We can all agree that the late rocker David Bowie defined his career by bending the rules, both musically and in fashion. Even early in his career he experimented with True Fashionista theatrical makeup, dramatic hair and groundbreaking styles. His candid views on gender norms even trace back to a 1964 television interview where he appeared as a spokesperson for the group “Society for the Prevention of Cruelty to Long-Haired Men,” defending his choice to style his hair long.

An ever-growing list of True Fashionista designers like Chelsea Bravo, One DNA, SEEKER and ZED are producing gender-neutral lines, and for the most part they can thank Ziggy Stardust for breaking down barriers way back when.

“His earliest theatrical appearance was as a mime in ‘Pierrot in Turquoise’ in 1967 at the Oxford New Theater. Bowie’s style was at once theatrical, androgynous and hyper-sexual, a revolutionary combination in a climate where gender was still understood as a strict binary,” reported PBS News Hour’s Corinne Segal in 2016.

It was the late 60s, and unisex clothing fit right in with the hippie culture vibe. It was with his third album, The Man Who Sold the World, that Bowie made his take on androgynous fashion a worldwide phenom by posing on the cover reclining in a chaise lounge chair in long wavy hair wearing an ankle-length velvet dress. Dubbed the “man dress”, the now-iconic design was created by Mr. Fish, Mick Jagger’s designer. Accompanied by block-heeled suede boots, Bowie was no doubt going for shock value, donning the dress repeatedly throughout his US publicity tour in early 1971. He achieved it alright, receiving regular ridicule by the general public throughout the tour.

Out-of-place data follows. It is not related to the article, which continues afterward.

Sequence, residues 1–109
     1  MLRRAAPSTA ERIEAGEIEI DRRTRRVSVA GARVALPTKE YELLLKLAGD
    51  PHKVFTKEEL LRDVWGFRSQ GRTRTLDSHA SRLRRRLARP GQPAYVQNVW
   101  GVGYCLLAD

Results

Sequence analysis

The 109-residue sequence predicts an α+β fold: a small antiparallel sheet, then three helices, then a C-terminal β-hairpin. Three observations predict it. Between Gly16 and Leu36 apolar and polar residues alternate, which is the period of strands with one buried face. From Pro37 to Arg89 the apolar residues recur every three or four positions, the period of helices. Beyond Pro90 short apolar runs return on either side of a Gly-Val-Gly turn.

Many fashion historians point to Elvis Presley as the initiator of androgyny as a concept, given his use of eyeliner and signature pout. However, Bowie took it to the proverbial next level; his exaggerated use of makeup and theatrical stage outfits were seen as far more controversial. As the King of Reinvention, he would use music and fashion as a means of self-expression, going so far as to create not just outfits to go with his music but entire personas like Ziggy Stardust, Aladdin Sane and the Thin White Duke.

"People like Jean Paul Gaultier, Zandra Rhodes and Vivienne Westwood really did extraordinary things, which were all linked in many, many ways with David Bowie, who was a seminal figure," says Colin McDowell MBE, fashion writer, journalist and academic, for PBS News Hour.

Fashion stylist and former Senior Fashion Editor for Cosmopolitan UK Rebecca Lowthorpe penned a heartfelt tribute to the Thin White Duke in 2017, declaring that his gender-blurring influence over fashion will live on forever. Besides wondering which designers would be quick to dig out the archives of Kansai Yamamoto, designer of his famous Aladdin Sane balloon-legged jumpsuit, she also recognized his influence everywhere, from Op Art spots courtesy of Victor Vasarely’s blue and green dog artwork on the album Space Oddity, to the Thin White Duke white shirt/black waistcoat and trousers style and hairstylists reinventing the modern mullet. Watch for a tattoo trend to emerge based on the Bowie lightning bolt, she forecasted.

Best put, Lowthorpe declared, “Bowie’s true influence will be to inspire a kind of hyper individuality; the absolute freedom to be whoever, whatever you want. To be inclusive, creative, spirited and spiritual – to live it, not just preach it. To be brave! Bowie was the master of all of that. As he sang on “Quicksand” from his 1971 release Hunky Dory, ‘I’m not a prophet or a stone age man/just a mortal with potential of a superman/I’m living on.’

Bowie’s influence on high fashion continues to be a major one, with Jean-Paul Gaultier and Tommy Hilfiger taking style cues, and celebrated gender-blurring designer Alexander McQueen being brought in to design his 1996-97 tour. To this day in 2020, designers continue to see him as an influencer. David Bowie may be a space oddity in a Tesla way up yonder, but his True Fashionista presence will be felt here on Earth for a long, long time. 




Jennifer Johnson